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Saving fuel, improving efficiency with lift axles

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Managing Editor of Fleet Equipment Magazine

Lift axles, so named for the attached air bags or springs that lift the axle off the road’s surface when it is not needed, are becoming an increasingly popular option for fleets. Lift axles can be mounted on either the truck or the trailer, and promise fuel and tire savings since the axle is only being used when necessary. They are especially useful for trucks that often cross state lines where the weight limits are different—the axles can be on the ground when extra weight is needed and off when efficiency is required. They come in two varieties: non-steerable lift axles that utilize a round trailer style, and steerable lift axles that use a forged I-beam style.

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Lift axles are most often used with construction vehicles such as dump trucks, garbage trucks and concrete mixers, among others—but their usage in over-the-road applications has increased in recent years.

“Lift axles were traditionally used on vocational multi-axle trailers to improve the turning radius and to reduce tire scrubbing,” explains Bill Hicks of SAF-Holland trailer suspension systems—product planning. “However, recently there has been a significant increase in lift axle use on over-the-road applications including less than truckload [LTL], fuel delivery, beverage delivery, food service and multi-stop fleets. Fleets have found significant improvements in fuel consumption, tire life, and suspension component life by lifting axles when they are not needed to support the trailer load.”

SAF-Holland manufactures the 13,500-lb. steerable lift axle and the NEWAY LSZ13, with a 20,000-lb. lift axle to be launched soon. SAF-Holland also offers a number of trailer axles: The PosiLift, a bolt-on lift system designed for CBX fixed frame applications; the Auto-PosiLift, which combines PosiLift components with a unique electronic control unit (ECU) and valve system; the heavy-duty PosiLift, designed to lift CBX self-steering axles while backing up, tight maneuvering in a yard or worksite, or when running empty; and the CBL, a center bag lift design for all CBX fixed frame models which mounts below the frame rails centered between the suspension hanger brackets.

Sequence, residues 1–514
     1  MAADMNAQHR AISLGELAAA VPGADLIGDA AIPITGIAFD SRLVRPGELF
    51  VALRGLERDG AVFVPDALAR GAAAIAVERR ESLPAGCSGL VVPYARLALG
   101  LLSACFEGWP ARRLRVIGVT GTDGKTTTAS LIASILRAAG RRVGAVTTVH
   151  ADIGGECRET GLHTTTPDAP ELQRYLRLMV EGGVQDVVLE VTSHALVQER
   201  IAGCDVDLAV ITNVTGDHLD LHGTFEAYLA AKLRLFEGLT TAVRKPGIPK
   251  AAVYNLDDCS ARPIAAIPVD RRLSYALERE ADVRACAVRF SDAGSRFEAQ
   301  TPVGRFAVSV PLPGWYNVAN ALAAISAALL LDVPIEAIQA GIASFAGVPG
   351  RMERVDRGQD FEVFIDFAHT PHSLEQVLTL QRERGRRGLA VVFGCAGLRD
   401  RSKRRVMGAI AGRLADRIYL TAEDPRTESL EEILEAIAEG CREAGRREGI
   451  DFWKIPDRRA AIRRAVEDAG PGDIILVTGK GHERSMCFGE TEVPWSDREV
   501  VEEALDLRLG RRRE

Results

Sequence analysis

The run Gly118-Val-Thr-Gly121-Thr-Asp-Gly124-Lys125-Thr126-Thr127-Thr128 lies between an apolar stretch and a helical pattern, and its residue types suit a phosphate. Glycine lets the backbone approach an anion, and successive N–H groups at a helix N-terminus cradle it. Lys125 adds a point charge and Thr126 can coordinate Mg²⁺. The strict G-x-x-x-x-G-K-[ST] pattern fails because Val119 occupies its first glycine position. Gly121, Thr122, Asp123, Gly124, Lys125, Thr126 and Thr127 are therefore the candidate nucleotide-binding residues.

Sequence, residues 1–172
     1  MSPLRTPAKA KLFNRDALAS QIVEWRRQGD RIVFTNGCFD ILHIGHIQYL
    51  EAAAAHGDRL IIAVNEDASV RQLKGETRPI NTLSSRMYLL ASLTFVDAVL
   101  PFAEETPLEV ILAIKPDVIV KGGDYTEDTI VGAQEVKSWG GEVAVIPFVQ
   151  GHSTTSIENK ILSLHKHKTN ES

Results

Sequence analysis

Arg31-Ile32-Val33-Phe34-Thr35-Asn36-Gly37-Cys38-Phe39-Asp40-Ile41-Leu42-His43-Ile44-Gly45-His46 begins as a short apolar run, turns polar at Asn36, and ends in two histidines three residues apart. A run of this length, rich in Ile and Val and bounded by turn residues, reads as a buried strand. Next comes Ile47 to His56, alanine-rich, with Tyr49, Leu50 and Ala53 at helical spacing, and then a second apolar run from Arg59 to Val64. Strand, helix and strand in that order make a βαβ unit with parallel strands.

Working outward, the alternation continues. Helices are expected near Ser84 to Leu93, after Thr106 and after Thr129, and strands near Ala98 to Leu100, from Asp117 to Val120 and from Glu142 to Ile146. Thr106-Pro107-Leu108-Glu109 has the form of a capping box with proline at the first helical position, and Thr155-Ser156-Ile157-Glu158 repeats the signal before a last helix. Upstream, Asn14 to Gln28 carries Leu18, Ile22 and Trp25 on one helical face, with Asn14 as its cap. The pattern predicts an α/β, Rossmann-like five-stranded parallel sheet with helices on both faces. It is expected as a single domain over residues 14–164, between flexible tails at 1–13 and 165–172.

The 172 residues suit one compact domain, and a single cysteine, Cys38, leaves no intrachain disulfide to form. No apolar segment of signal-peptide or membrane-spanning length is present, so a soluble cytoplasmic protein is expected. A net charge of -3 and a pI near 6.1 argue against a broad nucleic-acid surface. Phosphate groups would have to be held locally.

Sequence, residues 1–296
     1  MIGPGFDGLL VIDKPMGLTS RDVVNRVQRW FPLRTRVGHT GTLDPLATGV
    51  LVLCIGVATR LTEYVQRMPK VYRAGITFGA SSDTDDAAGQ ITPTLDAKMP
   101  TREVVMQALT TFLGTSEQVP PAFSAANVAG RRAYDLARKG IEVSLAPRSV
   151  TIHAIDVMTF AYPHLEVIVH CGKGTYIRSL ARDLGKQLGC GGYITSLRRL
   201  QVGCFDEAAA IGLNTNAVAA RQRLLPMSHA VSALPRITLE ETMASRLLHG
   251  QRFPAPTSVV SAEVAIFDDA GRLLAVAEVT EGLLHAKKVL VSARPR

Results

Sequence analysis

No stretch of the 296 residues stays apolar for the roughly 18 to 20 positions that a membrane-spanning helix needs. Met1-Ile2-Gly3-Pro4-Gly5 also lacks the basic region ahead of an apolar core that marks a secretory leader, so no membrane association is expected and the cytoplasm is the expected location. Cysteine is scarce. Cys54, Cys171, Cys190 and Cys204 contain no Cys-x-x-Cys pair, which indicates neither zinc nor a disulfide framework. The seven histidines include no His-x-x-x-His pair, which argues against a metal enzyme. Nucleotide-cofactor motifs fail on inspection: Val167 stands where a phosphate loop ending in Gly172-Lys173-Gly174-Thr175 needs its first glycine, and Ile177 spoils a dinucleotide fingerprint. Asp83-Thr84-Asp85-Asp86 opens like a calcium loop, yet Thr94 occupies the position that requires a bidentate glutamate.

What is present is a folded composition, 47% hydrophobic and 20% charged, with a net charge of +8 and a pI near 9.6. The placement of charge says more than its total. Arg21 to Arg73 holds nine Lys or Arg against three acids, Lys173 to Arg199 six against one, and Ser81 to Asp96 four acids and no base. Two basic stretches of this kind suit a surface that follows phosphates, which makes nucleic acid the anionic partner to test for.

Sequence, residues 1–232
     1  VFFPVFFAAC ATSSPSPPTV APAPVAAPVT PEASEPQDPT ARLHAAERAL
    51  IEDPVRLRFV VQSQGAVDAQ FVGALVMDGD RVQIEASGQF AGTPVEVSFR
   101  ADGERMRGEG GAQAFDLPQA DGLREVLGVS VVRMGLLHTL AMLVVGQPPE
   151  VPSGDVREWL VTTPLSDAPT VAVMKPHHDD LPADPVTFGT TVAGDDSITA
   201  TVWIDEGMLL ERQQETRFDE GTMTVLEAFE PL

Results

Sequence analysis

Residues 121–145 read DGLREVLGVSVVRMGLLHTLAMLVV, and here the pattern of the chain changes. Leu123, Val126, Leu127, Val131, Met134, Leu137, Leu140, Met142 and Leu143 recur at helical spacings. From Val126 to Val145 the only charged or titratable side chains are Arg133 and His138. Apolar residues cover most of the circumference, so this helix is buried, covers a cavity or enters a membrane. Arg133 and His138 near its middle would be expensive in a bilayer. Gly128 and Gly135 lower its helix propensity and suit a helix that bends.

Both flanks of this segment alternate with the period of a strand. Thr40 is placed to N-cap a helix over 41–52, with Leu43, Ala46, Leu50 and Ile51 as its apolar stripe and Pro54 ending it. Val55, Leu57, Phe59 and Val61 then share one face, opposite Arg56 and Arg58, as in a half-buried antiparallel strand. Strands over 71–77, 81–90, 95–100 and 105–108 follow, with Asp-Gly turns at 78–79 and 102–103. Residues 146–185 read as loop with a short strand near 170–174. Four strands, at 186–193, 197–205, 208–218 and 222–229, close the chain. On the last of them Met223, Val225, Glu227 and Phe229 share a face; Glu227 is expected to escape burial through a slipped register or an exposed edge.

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“Lift axles work best in applications where the tare load and the maximum operating load vary greatly,” relates Paul Brown, marketing manager for Hendrickson, which offers a variety of steerable and non-steerable

Hendrickson ToughLift

Hendrickson ToughLift

axles for both trucks and trailers, including the Composilite and Toughlift product lines. “Refuse trucks typically demand more ground clearance, where construction applications may prefer additional load capacity.”

“The use of lift axles can improve fuel economy for comparable trucks specified with non-lift axles,” adds Sam Sather of Hendrickson applications engineering. “Lifting the axle when the gross vehicle weight does not require all of the axles reduces road drag, and improves load share on the remaining axles allowing components such as brakes to perform closer to their optimum condition.”

Reyco Granning offers lift axles including the ALAP-13, a 13,200-lb. axle with a steerable and non-steerable option; the L225, a 22,500-lb. non-steer option; and the T200AX and T200AM, their highest-lifting non-steerable axles which come in 12-, 16- and 19,000-lb. ratings.

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“The most important thing to remember is to make sure your dealer understands what your needs are when spec’ing your lift axle configuration,” advises Jason Heath, SAF-Holland’s product manager of powered vehicle systems. “For example, if your objective is to maximize payload, the dealer will likely configure a truck with multiple pusher axles and a tag axle. If you are concerned with improving fuel economy, you will need to reduce rolling resistance and weight.”

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